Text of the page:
Race Relations Day

Celebrating Race Relations Day in your workplace

Race Relations Day is a time to reflect on our journey towards being a culturally diverse and inclusive nation. The theme for this year is  “I am Aotearoa New Zealand…te ranga tahi, together we grow”.

You can do something to support this journey − plan an activity to mark Race Relations Day at your workplace.

This page (and this print-out resource) gives you some ideas on how to promote inclusion but these activities should be carried out respectfully. They are a starting point for a discussion about cultural diversity and how we can support it in the workplace. This discussion requires everyone to be respectful of the views and feelings of colleagues – but do start the talk!

If you’re planning an activity, we would like to know more so we can share ideas – email us as at [email protected].

Simple ideas to promote inclusiveness in the workplace

Putting up a Commission’s Race Relations Day poster is a good way to start your planning and advertise your office Race Relations Day events. These posters, along with other resources, are available for free from the Commission – to order copies call 0800 496 877 you can also view and download them from the Resources section of our website.

Organise a shared meal … or an afternoon tea

Set a date and time for a breakfast, shared lunch or afternoon tea. See who might be interested in bringing in some food items for everyone to try. This can  be supplemented with a visit to the local supermarket’s international food section. You can mix this up with a quiz. See if you know the answers to these questions: what are the origins of fish and chips? or what came first, noodles or pasta?

The world and our connections: World map exercise

Print out a large world map and get people to stick drawing pins into places they have connections with. These connections can be where people were born or where they have family living. People can take it in turn to chat about these connections.

Let’s quiz …

Produce a race relations quiz. The Human Rights Commission has produced three booklets which might be helpful, Race Relations in Aotearoa, Religious Diversity in Aotearoa and Languages in Aotearoa. These can be downloaded from the Commission’s website or call 0800 496 877 to order copies. Here is a Race Relations Day Quiz that you can use.

Invite a speaker

Invite a local person to talk about the history of your local business area. Or ask somebody from the local marae, mosque or iwi trust to tell his or her stories. People in your own organisation could be asked to talk about their culture and community. What is life like in Stewart Island, Kalahari or Osaka in winter? Invite a speaker from a community your workplace does business with. This builds good relationships which is great for business.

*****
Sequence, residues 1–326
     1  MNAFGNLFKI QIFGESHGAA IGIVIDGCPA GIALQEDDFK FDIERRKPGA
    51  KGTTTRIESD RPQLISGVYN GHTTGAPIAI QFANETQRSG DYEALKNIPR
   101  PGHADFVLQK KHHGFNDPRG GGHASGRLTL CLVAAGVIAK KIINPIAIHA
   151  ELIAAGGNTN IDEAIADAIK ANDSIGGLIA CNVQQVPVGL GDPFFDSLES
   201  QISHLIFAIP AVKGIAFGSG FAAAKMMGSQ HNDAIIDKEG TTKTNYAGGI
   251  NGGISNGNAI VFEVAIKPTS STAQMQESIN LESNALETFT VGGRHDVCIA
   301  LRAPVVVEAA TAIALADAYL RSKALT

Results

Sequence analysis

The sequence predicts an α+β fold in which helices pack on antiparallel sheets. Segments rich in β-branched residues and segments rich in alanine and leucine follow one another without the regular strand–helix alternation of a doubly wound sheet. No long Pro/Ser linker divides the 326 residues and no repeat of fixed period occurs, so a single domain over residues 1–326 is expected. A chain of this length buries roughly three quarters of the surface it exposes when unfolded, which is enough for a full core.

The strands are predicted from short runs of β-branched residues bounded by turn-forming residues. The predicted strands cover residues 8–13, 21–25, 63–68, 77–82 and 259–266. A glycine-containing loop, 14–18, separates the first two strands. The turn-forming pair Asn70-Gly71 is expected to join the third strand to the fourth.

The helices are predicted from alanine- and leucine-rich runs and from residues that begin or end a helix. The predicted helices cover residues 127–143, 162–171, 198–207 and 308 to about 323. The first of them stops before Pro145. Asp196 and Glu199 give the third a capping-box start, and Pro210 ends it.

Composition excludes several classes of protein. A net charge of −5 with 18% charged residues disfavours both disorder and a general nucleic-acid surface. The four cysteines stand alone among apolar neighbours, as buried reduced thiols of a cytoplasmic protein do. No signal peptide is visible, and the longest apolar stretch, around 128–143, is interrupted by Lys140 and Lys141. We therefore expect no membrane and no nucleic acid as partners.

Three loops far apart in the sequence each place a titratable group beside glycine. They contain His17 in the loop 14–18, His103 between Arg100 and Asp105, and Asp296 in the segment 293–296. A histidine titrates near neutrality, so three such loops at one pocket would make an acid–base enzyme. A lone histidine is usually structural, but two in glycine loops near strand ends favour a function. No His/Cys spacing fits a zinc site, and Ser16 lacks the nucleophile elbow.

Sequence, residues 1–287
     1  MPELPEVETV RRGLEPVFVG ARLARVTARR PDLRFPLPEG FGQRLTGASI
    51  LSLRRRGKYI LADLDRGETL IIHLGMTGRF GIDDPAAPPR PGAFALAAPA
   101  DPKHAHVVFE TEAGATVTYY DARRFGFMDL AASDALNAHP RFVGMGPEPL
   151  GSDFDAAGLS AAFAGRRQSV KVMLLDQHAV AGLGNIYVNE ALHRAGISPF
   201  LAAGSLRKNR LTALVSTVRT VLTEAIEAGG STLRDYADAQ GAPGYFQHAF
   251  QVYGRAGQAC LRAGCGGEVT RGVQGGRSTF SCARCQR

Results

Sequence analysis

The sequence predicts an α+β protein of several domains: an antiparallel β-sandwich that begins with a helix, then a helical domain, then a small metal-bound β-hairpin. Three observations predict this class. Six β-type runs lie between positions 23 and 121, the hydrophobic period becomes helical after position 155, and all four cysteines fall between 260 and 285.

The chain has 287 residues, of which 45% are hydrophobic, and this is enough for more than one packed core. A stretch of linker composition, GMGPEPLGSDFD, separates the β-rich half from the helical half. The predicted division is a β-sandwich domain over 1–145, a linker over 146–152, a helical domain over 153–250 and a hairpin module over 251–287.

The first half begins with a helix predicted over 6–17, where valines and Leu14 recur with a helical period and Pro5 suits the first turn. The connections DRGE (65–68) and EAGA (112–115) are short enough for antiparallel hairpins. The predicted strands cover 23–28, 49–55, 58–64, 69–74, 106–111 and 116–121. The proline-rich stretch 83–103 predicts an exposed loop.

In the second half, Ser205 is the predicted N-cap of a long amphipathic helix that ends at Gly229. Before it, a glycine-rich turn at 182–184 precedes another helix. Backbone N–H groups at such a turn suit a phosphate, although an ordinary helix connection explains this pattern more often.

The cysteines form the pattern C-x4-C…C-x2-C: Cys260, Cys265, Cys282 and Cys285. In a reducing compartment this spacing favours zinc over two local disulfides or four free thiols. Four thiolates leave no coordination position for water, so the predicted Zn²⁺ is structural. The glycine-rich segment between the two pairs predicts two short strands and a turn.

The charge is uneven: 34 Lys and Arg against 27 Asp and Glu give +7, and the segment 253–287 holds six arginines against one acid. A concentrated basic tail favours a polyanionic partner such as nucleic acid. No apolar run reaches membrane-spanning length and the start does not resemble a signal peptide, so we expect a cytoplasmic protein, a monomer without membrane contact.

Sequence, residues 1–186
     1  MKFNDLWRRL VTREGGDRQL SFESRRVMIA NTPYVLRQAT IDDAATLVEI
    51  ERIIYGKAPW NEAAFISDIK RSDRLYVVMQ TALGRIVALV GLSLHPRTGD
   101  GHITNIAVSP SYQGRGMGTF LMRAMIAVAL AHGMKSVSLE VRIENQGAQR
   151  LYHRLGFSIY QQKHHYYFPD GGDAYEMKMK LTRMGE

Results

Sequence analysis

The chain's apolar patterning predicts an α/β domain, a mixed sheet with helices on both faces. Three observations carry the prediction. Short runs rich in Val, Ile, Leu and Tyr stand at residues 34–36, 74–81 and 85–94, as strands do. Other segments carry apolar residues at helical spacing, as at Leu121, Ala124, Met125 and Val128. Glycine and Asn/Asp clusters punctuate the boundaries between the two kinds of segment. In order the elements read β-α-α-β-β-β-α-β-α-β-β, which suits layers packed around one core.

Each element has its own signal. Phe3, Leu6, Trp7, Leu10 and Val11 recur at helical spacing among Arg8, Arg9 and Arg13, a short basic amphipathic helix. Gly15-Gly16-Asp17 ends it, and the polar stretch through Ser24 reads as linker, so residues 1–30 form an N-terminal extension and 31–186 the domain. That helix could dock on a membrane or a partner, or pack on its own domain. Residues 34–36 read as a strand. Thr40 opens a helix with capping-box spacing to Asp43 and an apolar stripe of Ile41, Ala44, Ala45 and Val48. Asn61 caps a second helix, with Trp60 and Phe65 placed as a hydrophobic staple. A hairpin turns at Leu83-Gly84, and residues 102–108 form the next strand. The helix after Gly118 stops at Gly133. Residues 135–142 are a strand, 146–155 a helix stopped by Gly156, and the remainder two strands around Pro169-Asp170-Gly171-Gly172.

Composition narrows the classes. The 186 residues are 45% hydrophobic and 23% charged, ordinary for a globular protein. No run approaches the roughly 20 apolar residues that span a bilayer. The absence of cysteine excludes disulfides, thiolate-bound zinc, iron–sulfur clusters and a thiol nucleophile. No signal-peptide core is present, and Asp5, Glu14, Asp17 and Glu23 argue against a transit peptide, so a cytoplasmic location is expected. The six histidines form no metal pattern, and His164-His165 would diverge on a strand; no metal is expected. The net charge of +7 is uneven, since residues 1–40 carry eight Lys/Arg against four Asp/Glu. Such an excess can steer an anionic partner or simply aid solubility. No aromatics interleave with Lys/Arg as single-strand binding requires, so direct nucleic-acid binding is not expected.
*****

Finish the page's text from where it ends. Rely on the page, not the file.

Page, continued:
Cultural wear and national dress

Change mufti-Friday to a cultural wear day on the Friday following Race Relations Day. Have fun but be respectful. Get people to think what outfits they will wear.

Displays

Invite colleagues to put together a cultural display. This can include items of clothing, food or taonga that people feel comfortable sharing. Alternatively, each person/work group could choose a country out of a hat and produce a display or presentation about it, or bring in some food from that region.

Now a work business activity …

Ask your workmates and customers for ideas on how to promote positive race relations at your workplace. Have a discussion about how your organisation is meeting the needs of the diverse communities it works with.

These events don’t have to happen on Race Relations Day but can be celebrated throughout the month.

You can also try these:

  • put up (or print out and display) 10 flags and ask people to guess which country they represent
  • list 10 countries’ national symbols and sports
  • list 10 greetings (How many languages are spoken by people in your workplace?).

Background to Race Relations Day

Each year, 21 March is observed globally as the International Day for the Elimination of Racial Discrimination. The date recalls the tragic loss of life at Sharpeville in South Africa in 1960 and the United Nations has dedicated this day to the achievement of the goals of the Convention on the Elimination of All Forms of Racial Discrimination (CERD). New Zealand signed this convention on 25 October 1966 and ratified it on 22 November 1972.